Do not be timid about enforcing correct behavior, a couple of students can tear down the dojo discipline and learning environment.   If incorrect behavior is allowed it is teaching by example to the others especially the juniors.  Set high standards, be sincere in your teaching and show the students you care about them.  Teaching beginners is an excellent way to improve your own basics and knowledge.  When you have to show and explain how it works you gain a greater understanding.  Remember you are a mirror, every bad habit you have the beginner will copy, they are generally less quick to copy what you do correct.

Kendo is primarily visual learning, the student watches and copies your example.  The student needs to understand that silence on your part is acceptance, too many compliments create false impressions of progress.  On the opposite side do not be afraid to recognize correct and serious effort.  Even adults respond to positive recognition in the class context.  Handing out silly gifts from the Dollar Store designated as FABULOUS prizes can produce a greater level of effort on the students part.

Those who practice kendo learn that most input to the student is in the form of correction.  It does not hurt to inform the beginning student of the “traditional” kendo methodology.

5 Dan written test 7/30/89

Jeff Marsten 7/30/89

Question “A” 5th Dan exam

The attitude required for instructing kendo.

The attitude of the sensei encompasses many facets of the student-teacher relationship all at once.  The sensei must be a leader and an example of correct thinking and correct behavior both inside and outside the dojo.  He must always demonstrate that he is trying hard to do his best.  If you are doing the best you can then no one can expect more from you but it is always necessary to reach deeper and keep learning.  The sensei continues to learn because the students will teach him as he teaches them.  Just as it takes 2 people to practice kendo the teaching is a shared experience.  Ken & Michi, it is through constantly striving to improve your michi that the sensei will learn and lead.  If you teach kendo you are responsible for how your students turn out, you must bring out the best in each student through hard training and a good example of life.  If a student’s behavior is poor than the sensei is responsible to correct him and change his behavior.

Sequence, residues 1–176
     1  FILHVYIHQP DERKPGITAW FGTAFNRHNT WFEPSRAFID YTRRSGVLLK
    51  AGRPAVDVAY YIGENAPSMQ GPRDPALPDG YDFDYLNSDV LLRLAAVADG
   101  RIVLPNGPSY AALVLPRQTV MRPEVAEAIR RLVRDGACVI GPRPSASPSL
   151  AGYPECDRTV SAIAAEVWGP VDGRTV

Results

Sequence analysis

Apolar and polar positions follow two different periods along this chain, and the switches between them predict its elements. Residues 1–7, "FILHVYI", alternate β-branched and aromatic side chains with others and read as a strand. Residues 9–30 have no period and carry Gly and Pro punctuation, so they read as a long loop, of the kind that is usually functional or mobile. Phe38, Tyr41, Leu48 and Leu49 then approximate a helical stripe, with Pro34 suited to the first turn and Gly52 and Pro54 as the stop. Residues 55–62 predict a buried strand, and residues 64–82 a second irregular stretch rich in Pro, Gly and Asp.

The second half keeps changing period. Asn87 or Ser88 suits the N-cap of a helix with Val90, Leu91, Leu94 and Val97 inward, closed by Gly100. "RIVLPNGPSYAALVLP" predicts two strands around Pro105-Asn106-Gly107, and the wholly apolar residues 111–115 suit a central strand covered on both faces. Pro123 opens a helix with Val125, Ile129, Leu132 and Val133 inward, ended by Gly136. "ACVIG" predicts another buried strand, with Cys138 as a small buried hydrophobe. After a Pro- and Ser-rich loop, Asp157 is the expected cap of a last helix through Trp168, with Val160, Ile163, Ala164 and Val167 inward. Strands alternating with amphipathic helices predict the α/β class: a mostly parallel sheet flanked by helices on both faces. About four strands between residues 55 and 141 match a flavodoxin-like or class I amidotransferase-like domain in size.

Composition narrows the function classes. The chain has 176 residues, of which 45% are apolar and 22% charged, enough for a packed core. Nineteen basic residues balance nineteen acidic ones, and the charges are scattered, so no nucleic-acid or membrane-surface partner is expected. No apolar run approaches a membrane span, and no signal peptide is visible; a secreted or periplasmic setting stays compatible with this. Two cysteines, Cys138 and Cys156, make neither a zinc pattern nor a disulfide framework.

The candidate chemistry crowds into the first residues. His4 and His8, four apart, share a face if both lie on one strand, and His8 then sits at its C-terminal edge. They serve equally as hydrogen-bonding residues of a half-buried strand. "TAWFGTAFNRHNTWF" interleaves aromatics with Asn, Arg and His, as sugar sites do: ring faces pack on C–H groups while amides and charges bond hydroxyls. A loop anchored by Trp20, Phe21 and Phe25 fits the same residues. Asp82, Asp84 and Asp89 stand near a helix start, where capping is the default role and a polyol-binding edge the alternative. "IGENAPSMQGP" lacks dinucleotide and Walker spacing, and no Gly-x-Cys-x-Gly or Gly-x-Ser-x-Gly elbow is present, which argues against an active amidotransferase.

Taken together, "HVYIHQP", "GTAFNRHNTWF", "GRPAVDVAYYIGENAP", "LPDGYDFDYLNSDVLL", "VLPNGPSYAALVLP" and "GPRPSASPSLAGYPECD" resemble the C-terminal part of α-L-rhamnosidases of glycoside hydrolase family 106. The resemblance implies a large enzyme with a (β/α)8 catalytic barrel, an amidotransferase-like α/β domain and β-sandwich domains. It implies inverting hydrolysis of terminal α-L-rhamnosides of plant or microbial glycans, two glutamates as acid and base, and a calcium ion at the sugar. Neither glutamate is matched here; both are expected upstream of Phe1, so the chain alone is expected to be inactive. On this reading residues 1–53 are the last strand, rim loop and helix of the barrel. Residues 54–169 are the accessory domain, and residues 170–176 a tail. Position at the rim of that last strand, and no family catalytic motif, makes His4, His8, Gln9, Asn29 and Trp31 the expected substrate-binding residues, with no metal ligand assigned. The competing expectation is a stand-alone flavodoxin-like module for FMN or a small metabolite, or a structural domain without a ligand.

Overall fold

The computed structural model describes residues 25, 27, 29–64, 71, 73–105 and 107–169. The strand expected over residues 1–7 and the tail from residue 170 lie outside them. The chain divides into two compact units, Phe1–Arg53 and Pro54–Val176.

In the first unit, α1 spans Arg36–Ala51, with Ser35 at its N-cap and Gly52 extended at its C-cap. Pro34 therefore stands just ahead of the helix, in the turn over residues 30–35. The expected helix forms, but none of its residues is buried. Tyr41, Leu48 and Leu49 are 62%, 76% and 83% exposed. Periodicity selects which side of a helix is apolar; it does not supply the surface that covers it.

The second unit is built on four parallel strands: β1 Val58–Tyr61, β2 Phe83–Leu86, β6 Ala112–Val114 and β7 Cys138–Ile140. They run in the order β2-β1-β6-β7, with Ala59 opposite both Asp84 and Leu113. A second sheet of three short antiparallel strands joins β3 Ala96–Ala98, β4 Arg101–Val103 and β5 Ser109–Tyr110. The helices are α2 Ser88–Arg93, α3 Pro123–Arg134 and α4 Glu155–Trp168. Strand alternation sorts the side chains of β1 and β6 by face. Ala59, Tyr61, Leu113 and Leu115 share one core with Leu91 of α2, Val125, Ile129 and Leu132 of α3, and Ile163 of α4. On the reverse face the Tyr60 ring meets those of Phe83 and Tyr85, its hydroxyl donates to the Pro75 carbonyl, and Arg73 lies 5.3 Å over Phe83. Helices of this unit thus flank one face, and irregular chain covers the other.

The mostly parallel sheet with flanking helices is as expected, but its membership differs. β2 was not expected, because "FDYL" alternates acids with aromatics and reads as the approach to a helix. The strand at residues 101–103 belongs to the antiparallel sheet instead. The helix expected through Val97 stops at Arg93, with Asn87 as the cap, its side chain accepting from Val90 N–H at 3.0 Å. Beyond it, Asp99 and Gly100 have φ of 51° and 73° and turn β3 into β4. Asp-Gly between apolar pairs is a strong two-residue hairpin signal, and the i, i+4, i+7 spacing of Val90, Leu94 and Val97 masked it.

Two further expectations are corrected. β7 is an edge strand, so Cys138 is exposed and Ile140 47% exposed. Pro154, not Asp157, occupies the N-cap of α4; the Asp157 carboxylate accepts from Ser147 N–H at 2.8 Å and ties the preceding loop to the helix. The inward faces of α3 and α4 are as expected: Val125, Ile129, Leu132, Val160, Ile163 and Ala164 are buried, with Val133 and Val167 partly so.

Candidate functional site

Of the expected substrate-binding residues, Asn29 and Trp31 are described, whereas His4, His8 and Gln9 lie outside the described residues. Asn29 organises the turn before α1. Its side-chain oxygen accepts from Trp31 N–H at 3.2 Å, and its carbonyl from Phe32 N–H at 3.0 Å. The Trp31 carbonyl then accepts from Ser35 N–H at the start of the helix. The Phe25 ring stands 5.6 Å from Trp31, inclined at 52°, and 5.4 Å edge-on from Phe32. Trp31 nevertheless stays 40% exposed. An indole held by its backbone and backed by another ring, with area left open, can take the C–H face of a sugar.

Kendo is not a sport in which you try to beat someone and win a trophy.  Kendo is a way of life to try and develop yourself.   When you have a match you are responsible whether you win or lose because you are your opponent.  When you lose it is because you need more training but should never consider your partner as someone to beat,  you must constantly test yourself to strive to be better and continue progress throughout your kendo life.


I found this the other day in the book The Sword of No-Sword which I had pulled out to re-read a couple parts.  I shared it with my students who thought I should publish it here.

The Path to Excellence

In kendo there is an old maxim that states 1,000 practices to temper and 10,000 practices to polish. Research has shown that to become an expert requires 10,000 hours of practice. So let’s look at the numbers to get there. In general we have about 45 practices per year. So if by some miracle you attend all these practices we have a baseline to go by.

First by number of practices: Continue reading The Path to Excellence

Some Observations on the AUSKF Kodansha Examination

I have been concerned for sometime regarding the AUSKF Kodansha examination pass rate and in particular the people trying for godan. As an examiner I would like to share some observations and hopefully some feedback to those testing.

Some Statistics

The pass rate for April 2012 through April 2013 is 15% success which is low compared to Japan where the rate averages about 20%. I think one reason is there are seminars provided in Japan before the test to help the candidates have a better chance of success. I hope AUSKF can develop such a program in the future to better serve the membership. Continue reading Some Observations on the AUSKF Kodansha Examination